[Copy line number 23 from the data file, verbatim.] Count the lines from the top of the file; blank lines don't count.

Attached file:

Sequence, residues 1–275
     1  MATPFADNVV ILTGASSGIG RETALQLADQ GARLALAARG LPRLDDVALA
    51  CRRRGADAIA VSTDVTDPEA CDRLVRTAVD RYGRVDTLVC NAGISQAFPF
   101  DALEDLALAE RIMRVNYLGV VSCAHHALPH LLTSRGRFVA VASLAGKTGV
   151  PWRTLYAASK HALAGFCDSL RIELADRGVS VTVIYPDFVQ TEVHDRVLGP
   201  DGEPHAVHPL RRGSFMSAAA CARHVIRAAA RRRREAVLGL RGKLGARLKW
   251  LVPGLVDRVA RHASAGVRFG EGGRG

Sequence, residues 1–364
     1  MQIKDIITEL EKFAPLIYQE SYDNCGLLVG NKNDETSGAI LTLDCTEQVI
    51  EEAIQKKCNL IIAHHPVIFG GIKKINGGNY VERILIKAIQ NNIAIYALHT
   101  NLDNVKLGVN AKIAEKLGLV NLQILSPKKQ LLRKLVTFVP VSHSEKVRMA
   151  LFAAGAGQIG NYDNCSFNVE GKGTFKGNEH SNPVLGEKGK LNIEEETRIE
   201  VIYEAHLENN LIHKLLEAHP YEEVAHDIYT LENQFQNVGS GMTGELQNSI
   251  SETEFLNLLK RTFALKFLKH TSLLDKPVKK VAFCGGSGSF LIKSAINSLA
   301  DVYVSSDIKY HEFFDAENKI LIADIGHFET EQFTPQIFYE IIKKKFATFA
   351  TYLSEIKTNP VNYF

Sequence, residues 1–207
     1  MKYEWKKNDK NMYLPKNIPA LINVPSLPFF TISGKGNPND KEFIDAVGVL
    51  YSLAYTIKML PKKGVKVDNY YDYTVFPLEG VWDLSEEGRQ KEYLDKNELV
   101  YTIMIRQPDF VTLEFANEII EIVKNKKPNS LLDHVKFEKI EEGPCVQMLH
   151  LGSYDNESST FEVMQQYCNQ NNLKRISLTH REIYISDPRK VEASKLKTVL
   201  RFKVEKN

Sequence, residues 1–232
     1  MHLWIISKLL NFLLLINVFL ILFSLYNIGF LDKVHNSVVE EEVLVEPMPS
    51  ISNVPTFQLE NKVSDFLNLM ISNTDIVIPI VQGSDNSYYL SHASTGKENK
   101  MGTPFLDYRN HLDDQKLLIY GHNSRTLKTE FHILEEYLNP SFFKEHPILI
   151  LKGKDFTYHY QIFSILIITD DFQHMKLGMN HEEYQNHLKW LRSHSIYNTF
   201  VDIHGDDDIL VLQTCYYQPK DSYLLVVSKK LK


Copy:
Sequence, residues 1–232